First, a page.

Never use this strategy when your startup is facing a lower priced competitor
The CEO of Hawaiian Airlines, Mark Dunkerley, announced this past Tuesday that Hawaiian Airlines is considering a basic economy class--a no-frills ticket for a very low price--fares as a response to the looming threat of Southwest Airlines entering the Hawaii market.
At face value you can see why lower prices might be a reasonable response to an airline famous for its lower fares--but it actually reveals a poor mindset about competition. The best way to face your competition is to focus on your category superconsumers--the highest profit, highest passion customers in your category--to figure out a way to grow the pie, not shrink it.
This may seem obvious, but many companies and startups don't realize their growth strategy is predicated on stealing shares with lower prices or similar products--which often ends up losing money in the end. There are three specific lessons Hawaiian Airlines should have followed--and are critical for all startups to get right:
1. Never lower price if it shrinks the category.
I've researched Nielsen data across 75 categories and found that when categories grow, one percent of brands capture 80 percent of category growth. Trying to grow in a declining category is extremely difficult, so startups should avoid any actions that might shrink the pie.
There are only a few very specific conditions when lowering price can be a good idea--for example, if you can credibly be the lowest-cost provider for a sustained period of time. For Hawaiian Airlines, this might be possible--but I wouldn't want to get into a price war with Southwest Airlines.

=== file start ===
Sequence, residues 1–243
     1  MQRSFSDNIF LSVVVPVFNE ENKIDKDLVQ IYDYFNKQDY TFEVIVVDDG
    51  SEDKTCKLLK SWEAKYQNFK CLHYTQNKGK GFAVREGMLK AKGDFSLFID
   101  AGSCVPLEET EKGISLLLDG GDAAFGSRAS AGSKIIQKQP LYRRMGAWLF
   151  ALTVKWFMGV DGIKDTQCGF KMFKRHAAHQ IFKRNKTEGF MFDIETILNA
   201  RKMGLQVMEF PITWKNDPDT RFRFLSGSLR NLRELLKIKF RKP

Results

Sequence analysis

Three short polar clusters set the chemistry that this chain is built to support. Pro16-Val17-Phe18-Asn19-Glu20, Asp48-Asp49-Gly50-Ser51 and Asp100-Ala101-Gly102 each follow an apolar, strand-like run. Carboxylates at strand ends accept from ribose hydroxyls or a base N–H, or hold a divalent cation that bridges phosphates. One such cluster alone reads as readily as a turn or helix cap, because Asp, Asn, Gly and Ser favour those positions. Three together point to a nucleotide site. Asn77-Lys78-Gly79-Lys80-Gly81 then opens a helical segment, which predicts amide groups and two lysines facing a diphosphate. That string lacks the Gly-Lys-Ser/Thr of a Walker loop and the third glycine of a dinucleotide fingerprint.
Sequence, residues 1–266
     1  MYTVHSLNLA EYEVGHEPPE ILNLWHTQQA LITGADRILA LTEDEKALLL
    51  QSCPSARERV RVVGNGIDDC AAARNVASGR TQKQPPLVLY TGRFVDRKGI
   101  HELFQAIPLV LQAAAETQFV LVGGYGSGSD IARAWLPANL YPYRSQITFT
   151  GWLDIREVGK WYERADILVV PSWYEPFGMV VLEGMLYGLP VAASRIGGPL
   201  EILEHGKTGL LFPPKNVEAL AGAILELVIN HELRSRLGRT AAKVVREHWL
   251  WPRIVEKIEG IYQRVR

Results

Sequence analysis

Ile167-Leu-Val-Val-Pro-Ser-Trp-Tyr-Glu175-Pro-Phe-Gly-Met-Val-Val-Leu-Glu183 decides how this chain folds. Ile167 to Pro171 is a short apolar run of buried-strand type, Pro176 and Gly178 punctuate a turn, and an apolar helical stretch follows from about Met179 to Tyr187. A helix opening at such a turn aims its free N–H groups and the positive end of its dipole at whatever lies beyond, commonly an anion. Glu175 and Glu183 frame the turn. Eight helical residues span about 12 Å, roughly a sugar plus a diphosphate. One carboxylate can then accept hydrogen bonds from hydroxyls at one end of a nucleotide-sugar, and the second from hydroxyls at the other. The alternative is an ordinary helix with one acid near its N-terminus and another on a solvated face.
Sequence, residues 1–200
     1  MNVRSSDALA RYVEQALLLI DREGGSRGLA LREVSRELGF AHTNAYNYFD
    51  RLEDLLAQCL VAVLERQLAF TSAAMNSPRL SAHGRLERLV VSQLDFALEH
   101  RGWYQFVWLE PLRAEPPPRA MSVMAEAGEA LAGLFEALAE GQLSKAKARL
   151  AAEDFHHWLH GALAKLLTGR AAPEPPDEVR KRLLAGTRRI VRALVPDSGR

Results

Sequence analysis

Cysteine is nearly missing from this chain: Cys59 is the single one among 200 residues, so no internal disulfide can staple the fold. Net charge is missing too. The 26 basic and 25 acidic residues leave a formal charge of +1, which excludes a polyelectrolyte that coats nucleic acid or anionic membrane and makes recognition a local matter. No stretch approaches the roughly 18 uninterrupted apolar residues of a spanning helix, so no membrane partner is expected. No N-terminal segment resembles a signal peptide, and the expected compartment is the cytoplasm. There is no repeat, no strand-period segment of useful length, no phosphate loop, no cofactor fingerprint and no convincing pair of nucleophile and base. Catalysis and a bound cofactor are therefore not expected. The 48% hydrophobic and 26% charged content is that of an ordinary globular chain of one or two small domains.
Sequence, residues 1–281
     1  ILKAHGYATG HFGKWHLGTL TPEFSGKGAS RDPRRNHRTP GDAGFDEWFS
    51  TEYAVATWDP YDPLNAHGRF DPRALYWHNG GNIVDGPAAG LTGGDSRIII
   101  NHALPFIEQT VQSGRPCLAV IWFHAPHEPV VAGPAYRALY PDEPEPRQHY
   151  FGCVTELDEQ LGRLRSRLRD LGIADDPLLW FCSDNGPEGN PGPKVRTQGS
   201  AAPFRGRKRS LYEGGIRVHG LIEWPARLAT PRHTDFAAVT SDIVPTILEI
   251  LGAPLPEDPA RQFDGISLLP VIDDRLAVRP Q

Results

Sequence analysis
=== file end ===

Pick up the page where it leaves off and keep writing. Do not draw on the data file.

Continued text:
I've seen a good number of startups base their entire strategy and reason for existing by offering a disruptively lower price. You have to be more than just a lower price for the long haul. In my experience, only about 10-20 percent of consumers in a category buy just on price. Most consumers care about benefits, too.
2. Focus on increasing benefits, while holding prices constant.
The far better way to respond to a lower priced competitor is to add benefits.
Early on, Keurig faced a conundrum about an extremely popular accessory called "my K-cup" which allowed consumers to bypass the branded K-cups and fill them with their own coffee. It turns out that the availability of "my K-cup" made the entire ecosystem far more popular--it sent a message to consumers that Keurig cared about them.
Most people just wanted the option to make their own coffee, but in practice rarely did so. It was a win-win.
Hawaiian Airlines has a lot of options. The company could "Groupon" a ton of impulse activities like restaurants, surf lessons, or other fun experiences that fiercely compete for tourist dollars. It could upgrade and expand its lounge options for long layovers. It could create refreshment stations at the gate to start the paradise experience earlier for tourists (and extend the vacation just a little bit longer for those leaving).
Startups must remember that the value equation is a function of both price and benefits. Give equal, if not more, time to benefits. Don't just focus on price.
3. Ask your superconsumers what must be true to raise prices.
As I write in my book (which is about superconsumers), these high-passion and high-profit consumers exist in every category--including airlines. These consumers are more than willing to pay more or buy more because they love the category, but if you offer them something they really value.
For Hawaiian Airlines it could be local business travelers who go back and forth across the islands. Maybe they're locals or regular visitors who want a subscription service where they're guaranteed a first-class seat.
Maybe they're tourists who want a multi-month pass for the duration of their stay to travel an unlimited amount on seats that are available. Maybe they're homesick ex-locals like me visiting family, who want a Costco-like club membership that locks in preferred pricing reserved for a kama'aina (literal translation is "friend of the island").
Every startup can find superconsumers in the category they compete in. A disruption from a lower priced competitor might be the perfect time to introduce a new pricing innovation that increases prices via an entirely new offer.
(Eddie Yoon Founder, EDDIEWOULDGROW / Inc.)